Horse of the Year debate: Kristufek for Zenyatta
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About an hour after the Breeders' Cup Classic, while still in a fog, I posted the following status on my Facebook page.
"Blame had an incredible year. Blame beat Zenyatta on the square. Blame = Horse of the Year."
But Horse of the Year should be awarded based on a horse's resume, not on sentiment, right?
Blame won three Grade I stakes races. He dealt the legendary Zenyatta the first, and only loss of her 20-race career.
Zenyatta won five Gade I races this year, but beat only a few relevant horses in the process.
In professional sports, an award is given for the "Most Valuable Player". Statistics are a key component, but intangibles and the success of the team also come into play. The question voters must ask themselves: which player was the "most valuable" to have?
There is no such established criterion when voting for the Horse of the Year, but in a race for "Most Valuable Horse" Zenyatta would win by a pole over any HOY contender.
At the age of 6, most mares lose their competitive edge and want to be a mommy. Zenyatta was supposed to retire after last year, but she refused.
Rachel Alexandra got the East Coast bias nod over Zenyatta for 2009 Horse of the Year honors (I voted for Zenyatta). The two were supposed to settle their "who is better" dispute on the racetrack in the Apple Blossom at Oaklawn. Zenyatta showed up, but Rachel did not.
This year, she had our hearts in our throats in the Vanity, Clement Hirsch and in the Lady's Secret, winning all three in the final jump, but drama is part of her shtick. It's what makes her special.
Many racing enthusiasts jabbed at Zenyatta's connections for ducking big races out of state in favor of ones they knew she could win at home in California.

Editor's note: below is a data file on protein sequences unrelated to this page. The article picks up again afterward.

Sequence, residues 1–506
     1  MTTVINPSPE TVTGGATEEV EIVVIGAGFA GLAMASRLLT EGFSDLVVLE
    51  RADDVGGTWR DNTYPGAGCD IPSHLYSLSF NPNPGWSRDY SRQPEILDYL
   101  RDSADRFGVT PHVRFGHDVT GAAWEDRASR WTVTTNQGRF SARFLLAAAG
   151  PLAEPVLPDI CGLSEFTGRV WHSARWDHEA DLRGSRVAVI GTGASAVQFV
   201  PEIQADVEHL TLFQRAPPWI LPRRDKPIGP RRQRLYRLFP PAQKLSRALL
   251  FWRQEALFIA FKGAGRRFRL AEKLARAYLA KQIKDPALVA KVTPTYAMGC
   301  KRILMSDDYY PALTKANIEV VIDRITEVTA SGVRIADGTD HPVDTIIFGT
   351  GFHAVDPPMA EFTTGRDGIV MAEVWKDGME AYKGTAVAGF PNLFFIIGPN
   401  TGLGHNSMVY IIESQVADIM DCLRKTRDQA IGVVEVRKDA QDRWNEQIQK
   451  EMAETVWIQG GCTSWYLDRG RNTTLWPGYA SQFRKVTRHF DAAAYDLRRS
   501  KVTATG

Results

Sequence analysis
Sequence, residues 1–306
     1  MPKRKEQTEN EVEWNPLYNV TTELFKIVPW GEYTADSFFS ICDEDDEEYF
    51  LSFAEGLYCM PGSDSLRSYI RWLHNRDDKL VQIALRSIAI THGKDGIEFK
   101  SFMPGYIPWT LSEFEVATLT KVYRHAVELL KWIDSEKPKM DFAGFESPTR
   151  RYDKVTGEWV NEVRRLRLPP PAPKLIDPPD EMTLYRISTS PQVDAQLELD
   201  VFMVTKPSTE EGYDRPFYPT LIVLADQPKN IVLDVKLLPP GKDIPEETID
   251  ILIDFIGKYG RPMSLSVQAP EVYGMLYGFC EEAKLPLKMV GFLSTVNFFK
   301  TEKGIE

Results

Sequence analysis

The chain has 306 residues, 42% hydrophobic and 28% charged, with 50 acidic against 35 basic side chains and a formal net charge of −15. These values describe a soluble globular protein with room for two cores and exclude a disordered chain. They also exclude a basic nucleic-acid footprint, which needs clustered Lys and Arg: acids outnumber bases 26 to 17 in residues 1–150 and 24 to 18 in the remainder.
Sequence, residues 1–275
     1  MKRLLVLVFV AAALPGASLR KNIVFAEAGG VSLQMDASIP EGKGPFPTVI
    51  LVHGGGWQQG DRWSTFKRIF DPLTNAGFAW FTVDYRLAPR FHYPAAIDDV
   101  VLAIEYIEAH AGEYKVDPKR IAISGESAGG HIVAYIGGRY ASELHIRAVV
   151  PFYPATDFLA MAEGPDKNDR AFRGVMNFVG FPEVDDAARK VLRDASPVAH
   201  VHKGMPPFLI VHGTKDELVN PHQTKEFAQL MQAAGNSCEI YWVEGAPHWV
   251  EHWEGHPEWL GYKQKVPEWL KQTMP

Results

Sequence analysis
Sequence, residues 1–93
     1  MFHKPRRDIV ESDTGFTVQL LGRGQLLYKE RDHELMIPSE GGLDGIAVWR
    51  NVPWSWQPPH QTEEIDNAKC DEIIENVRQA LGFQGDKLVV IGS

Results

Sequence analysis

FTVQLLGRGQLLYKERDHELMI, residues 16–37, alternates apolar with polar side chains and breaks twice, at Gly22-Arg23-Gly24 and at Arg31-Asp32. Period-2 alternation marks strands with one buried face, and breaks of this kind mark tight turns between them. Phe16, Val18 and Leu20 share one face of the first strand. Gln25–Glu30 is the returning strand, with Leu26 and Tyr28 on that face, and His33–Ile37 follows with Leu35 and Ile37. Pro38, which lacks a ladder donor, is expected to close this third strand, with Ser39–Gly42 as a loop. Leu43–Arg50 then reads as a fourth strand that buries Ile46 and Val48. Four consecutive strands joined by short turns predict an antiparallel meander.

Hit the pause button.
Zenyatta entered her title defense in the Breeders' Cup Classic as the undefeated, undisputed heavyweight champion. Had she suffered a loss leading in, the intrigue would have been sucked right out of the event. Instead, even though she fell a nose short on that day, we were rewarded with one of the most memorable sports moments of the year, and a race for the ages.
Not since Smarty Jones in 2004, and to a certain extent Barbaro two years later, has a horse captured the imagination of the general public like Zenyatta. Her come from behind style, her patented "Z-dance" videos on YouTube, and an appearance on "60 Minutes" branded minds. The morning after the Classic, despite her loss, hundreds gathered to pay homage to one of the most fan-friendly horses of all time.
The Breeders' Cup handle was up significantly and the TV ratings tripled because of her. The horse racing industry needed a shot in the arm, and Zenyatta provided one.
Vastly underappreciated, our game craves coverage from the mainstream media, and Zenyatta gave them a reason to pay attention. You can't put a price on coverage like that.
Zenyatta's connections are legitimate and likeable. Racing her this year was their gift to the sport. Racing stars come and go. At the end of the day, Blame heads to the breeding shed as a sound 4-year-old.
Some have suggested creating a "career achievement" award for Zenyatta. The Big Sport of Turfdom and the Eclipse Award of Merit are out there too, but sorry, they just don't have the same bite as the coveted Horse of the Year title.
Zenyatta was a breath of fresh air for an industry that desperately needed one. She captivated the nation, creating a new legion of fans that will help spread the word that horse racing is cool.
Blame will be remembered as a good horse. He will forever be tied to Zenyatta because he beat her.
Zenyatta, on the other hand, leaves a legacy in her wake.
A vote for Blame certainly isn't wrong, but if you love and care about the horse racing industry and understand her mass contributions to the sport, a vote for Zenyatta is right.
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